A few weeks ago we got the chance to chat with one of our favourite Aussie Bloggers Bianca Wordley, from BigWords Blog, about how she got into blogging, and her experience with Oxfam, a cause dear to our hearts.
If you haven't yet, step on over to BigWords to read some of Bianca's hilarious, touching and insightful posts about travel, daily life, boobs, motherhood, weight loss and everything in between. Bianca has written for powerhouse Mamamia, Kidspot and The Hoopla, lined up her blogging accolades from the Australian Writers Centre and Escape Travel and also occasionally appears on TV and Radio. Oh, and did we mention she's got three kids?
She first started out in the blogosphere when pregnant with her third child, as a creative way of countering feelings of disconnection with other women. She came from a decade long career in Australian journalism, giving her the quick wit and solid writing skills she needed to start in the online world.
She quickly found that the "Mum Bloggers" network was a solid way to make friendships with women in similar positions as her, with the same creative passion, as well as providing her with a voice when she felt compartmentalised into a mum-role.
Something that we really find inspiring about Bianca, is that while she uses her blog to vent, share and ponder, she has used it as a platform for a humanitarian passion that she shares with us! She joined forces with Oxfam Australia, as a Media Coordinator, and established a blogging program to bring light to work Oxfam does around the world fighting poverty.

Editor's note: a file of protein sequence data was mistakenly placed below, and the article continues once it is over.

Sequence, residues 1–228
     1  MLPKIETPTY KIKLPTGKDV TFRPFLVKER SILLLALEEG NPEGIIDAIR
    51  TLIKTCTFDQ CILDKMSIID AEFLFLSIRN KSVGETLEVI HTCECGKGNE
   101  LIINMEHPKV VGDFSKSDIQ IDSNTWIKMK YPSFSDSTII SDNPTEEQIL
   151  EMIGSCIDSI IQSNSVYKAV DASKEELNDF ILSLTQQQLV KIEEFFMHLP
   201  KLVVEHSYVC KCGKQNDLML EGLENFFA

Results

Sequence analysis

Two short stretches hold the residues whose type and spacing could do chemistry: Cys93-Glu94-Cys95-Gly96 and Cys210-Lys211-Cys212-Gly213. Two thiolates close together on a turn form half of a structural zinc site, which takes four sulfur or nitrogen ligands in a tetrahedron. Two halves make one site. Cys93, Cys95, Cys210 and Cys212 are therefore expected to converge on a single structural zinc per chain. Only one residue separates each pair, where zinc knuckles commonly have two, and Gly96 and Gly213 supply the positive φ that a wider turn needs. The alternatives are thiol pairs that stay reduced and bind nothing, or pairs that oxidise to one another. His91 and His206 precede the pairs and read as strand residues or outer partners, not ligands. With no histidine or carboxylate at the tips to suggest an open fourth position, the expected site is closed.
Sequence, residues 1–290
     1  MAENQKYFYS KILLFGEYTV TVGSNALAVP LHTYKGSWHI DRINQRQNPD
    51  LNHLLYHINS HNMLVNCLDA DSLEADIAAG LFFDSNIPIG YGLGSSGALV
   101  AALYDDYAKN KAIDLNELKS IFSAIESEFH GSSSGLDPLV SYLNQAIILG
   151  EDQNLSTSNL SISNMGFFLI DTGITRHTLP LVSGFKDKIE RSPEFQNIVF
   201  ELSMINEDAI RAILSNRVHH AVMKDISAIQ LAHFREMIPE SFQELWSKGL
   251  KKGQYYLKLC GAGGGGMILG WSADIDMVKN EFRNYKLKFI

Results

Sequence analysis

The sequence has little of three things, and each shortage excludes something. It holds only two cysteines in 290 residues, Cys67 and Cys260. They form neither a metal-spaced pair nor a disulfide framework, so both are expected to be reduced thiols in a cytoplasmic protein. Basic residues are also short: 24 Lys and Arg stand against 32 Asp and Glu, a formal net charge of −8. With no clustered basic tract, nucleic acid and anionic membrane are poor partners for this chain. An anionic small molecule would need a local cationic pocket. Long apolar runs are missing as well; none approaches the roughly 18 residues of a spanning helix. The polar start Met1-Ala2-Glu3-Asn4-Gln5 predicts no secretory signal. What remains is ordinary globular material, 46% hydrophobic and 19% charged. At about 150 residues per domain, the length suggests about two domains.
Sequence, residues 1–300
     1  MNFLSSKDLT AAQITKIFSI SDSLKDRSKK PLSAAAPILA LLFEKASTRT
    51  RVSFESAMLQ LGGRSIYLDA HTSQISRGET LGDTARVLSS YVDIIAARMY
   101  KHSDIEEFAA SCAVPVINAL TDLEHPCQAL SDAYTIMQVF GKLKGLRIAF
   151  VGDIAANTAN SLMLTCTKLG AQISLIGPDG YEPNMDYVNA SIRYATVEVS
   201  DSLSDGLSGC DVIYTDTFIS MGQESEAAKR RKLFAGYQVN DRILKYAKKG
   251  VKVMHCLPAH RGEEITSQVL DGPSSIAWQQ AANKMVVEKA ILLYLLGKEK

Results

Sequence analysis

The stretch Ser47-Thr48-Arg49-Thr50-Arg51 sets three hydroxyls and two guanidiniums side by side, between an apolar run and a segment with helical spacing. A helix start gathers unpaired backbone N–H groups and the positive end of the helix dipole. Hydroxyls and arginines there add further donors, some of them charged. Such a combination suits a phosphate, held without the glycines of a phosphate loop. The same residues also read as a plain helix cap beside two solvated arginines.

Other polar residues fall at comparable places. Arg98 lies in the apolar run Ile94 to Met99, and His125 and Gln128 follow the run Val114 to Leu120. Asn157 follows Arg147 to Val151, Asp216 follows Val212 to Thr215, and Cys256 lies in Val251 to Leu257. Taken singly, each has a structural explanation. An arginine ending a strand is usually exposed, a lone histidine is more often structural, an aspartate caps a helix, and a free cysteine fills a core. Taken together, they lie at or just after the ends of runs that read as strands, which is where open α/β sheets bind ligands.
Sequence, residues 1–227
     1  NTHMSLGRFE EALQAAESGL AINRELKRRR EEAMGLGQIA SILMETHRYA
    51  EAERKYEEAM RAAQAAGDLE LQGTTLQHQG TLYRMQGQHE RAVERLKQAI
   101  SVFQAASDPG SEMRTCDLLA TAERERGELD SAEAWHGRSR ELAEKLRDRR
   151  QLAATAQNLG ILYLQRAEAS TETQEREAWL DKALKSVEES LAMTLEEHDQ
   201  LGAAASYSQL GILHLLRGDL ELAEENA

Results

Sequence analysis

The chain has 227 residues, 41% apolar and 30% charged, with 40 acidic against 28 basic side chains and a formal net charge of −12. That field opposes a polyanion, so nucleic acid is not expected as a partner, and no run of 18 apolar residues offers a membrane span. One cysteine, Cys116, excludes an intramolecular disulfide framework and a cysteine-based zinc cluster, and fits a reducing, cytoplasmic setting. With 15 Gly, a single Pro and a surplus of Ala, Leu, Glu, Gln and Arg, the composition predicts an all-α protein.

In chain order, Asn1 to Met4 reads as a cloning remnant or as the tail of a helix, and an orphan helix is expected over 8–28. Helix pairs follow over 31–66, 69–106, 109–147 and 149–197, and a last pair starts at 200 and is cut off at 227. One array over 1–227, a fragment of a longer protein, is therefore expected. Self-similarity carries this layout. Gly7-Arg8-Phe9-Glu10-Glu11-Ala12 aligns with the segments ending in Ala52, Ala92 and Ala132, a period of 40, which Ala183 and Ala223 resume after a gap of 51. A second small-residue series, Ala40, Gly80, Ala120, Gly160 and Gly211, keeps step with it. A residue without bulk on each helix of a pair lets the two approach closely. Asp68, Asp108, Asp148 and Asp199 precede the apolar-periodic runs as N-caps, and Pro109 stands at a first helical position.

"To help facilitate giving a voice to those who struggle to have their voices heard and want the world to hear their stories comes with great responsibility. What an honour." - Bianca Wordley
In 2015 she travelled with Kate McKibbin from Drop Dead Gorgeous Daily to Cambodia, where they met with the garment workers for both Australian and International Brands to highlight the conditions of garment workers in developing countries. They visited the women in their homes and the sites they worked.
Bianca told us how many of these garment workers live together in small (as small as 3 square metres) rooms, with three women living in a room with no bathroom. But increasingly there are community meeting places being established where the women come, share and draw strength from each other. Many women were in their early 20's, sending money home to their parents and families, often the money they earned barely covered costs. These workers are forced to work through sickness, pregnancy, and often their landlords were associated with their workplaces, meaning a wage rise often coincided with a rise in rent, meaning the women aren't able to reap their well deserved rewards from their tough work.
Oxfam Australia works with partner organisations in Cambodia to support garment workers and Australian brands to bring about change.
Bianca emphasized that respect, dignity and living wages are just basic human needs that still unfortunately need to be fought for, and to be lucky enough to have strong voices and huge platforms to share these stories is an opportunity that we must take.
Photo via Bigwords Blog.